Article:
Officers in Freddie Gray Case Sue Prosecutor Marilyn Mosby (UPDATE)

Officers in the Freddie Gray case are now suing prosecutor Marilyn Mosby.

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UPDATED 7:40 p.m. ET

Most of the officers in charged in the death of 25-year-old Freddie Gray are now suing Baltimore State Attorney Marilyn Mosby. Gray died after sustaining head and spinal injuries while in Baltimore police custody during a ride in a police van in April 2015. On Wednesday charges were dropped against the remaining three officers awaiting trial in Gray's case.

CNN reported that out of the six law enforcement officers charged in Gray's death five of them were suing Mosby: Officer Garrett Miller, Officer Edward Nero, Officer William Porter, Lt. Brian Rice, and Sgt. Alicia White.

The lawsuits, reportedly filed April/May of last year after the officers were arrested, allege defamation, false arrest, and false imprisonment.

Michael E. Glass, attorney for Porter and White, said his clients were put through "extensive pain and suffering" reported CNN. The two had been suspended without pay during a year-plus absence that ended Wednesday. They're now on desk duty.

Court documents revealed Rice said he wasn't really involved in Gray's arrest CNN reported. The lawsuit also said, "At no point during his interactions with Mr. Gray did Plaintiff Rice see any officers use excessive force, strike or tase Mr. Gray."

Rice said Mosby spoke about him "in a divisive and inciting manner" while “making false statements about him,” wrote CNN.  

The lawsuit also states Rice "lost his freedom and dignity and suffered physical and psychological harm from being arrested and detained without cause." For that they're suing for $75,000 per allegation in addition to legal fees.

"Marilyn Mosby's comments in her press conference today confirm that the charges brought against my clients, Sgt. Alicia White and Officer William Porter, as well as the other four officers, were politically motivated and not supported by evidence to establish probable cause," Glass said.

He's referring to Mosby's press conference Wednesday when she announced charges were being dropped against Miller, Porter, and White.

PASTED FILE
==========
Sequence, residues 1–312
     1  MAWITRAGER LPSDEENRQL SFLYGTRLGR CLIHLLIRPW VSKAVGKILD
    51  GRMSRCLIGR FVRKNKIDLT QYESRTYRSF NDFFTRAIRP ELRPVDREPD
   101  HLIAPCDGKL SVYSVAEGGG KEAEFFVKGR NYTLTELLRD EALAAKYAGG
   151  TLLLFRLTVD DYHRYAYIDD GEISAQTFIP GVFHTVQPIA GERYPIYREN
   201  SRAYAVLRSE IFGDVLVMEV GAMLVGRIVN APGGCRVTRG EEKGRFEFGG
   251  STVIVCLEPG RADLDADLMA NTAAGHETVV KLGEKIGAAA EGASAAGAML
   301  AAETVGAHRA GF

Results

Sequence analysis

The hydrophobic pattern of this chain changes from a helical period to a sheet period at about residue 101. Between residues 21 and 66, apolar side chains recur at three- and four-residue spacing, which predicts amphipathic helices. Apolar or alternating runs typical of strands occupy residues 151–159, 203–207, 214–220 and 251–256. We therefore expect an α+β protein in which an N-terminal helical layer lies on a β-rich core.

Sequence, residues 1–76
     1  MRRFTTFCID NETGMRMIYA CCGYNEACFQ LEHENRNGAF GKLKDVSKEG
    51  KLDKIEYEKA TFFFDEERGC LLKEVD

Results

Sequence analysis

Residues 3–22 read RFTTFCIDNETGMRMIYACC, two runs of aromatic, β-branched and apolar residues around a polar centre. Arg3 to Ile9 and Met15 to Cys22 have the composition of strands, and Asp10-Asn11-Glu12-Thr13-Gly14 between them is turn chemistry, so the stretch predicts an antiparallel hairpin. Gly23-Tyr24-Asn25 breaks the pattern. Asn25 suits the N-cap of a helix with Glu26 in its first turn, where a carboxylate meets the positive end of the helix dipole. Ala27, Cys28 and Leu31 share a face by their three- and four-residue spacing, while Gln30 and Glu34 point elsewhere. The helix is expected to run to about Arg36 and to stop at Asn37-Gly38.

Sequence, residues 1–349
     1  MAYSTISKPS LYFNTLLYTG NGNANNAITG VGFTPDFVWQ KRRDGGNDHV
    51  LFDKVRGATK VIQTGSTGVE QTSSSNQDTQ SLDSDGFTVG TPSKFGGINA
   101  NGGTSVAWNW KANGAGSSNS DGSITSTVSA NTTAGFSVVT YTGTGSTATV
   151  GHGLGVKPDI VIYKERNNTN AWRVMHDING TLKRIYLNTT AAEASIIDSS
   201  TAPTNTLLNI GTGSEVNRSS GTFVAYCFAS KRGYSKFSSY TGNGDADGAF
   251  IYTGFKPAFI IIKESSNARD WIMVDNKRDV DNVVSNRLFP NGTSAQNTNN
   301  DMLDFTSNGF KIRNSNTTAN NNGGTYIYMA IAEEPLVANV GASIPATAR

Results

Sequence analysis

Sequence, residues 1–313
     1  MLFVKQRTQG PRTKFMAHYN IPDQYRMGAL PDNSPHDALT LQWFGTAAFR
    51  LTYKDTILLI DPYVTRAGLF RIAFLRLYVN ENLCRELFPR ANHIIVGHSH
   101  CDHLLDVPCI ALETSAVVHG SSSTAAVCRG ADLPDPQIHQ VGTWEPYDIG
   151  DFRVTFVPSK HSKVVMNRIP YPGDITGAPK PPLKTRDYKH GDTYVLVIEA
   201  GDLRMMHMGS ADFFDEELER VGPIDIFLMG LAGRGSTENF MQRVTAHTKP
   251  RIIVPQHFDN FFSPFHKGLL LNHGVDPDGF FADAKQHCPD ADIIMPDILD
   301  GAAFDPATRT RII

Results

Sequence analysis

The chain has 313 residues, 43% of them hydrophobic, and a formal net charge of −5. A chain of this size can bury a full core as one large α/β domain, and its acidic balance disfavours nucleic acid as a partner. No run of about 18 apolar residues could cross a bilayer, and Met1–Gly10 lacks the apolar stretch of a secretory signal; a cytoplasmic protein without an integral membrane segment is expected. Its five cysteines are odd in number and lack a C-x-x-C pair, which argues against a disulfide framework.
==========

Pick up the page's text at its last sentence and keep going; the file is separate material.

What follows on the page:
Mosby called the case "inherently bias" adding: "There were individual police officers that were witnesses to the case, yet were part of the investigative team, interrogations that were conducted without asking the most poignant questions, lead detectives that were completely uncooperative and started a counter-investigation to disprove the state's case."

Addressing Mosby's comments attorneys for Rice, Nero, and Miller, toldThe Baltimore Sun that Mosby refused outside help for the investigation including from the Maryland State Department.

"The fact that she's finding herself as a victim and blaming police, and blaming the court...blaming the defendants...blaming the pretty shocking," Catherine Flynn, Miller's attorney, toldThe Baltimore Sun.

Marc Zayon, Nero's attorney, and Michael Belsky, Rice's attorney, toldThe Baltimore Sun Nero and Rice wanted to speak to prosecutors days after Gray's death to talk about about what happened only to be ignored.

"These charges were not supported by any fact or evidence. Period," Belsky said. "These charges were brought based on a fictitious narrative that was never true and never proven."

Maryland State Police spokesperson Greg Shipley said, "The Maryland State Police agreed to provide technical assistance to the State's Attorney's Office that would include the expertise of our Computer Crimes Unit. Ultimately, we were not called upon to provide any assistance." In response the State's Attorney's Office said State Police did offer to help but it was minimal and “things we were able to do quicker with our known investigators."

"Ms. Mosby said she's anti-police brutality. We're all anti-police brutality. Nobody condones police brutality. Nobody thinks for one second that police brutality is acceptable," Belsky said. But this is not a case of police brutality."

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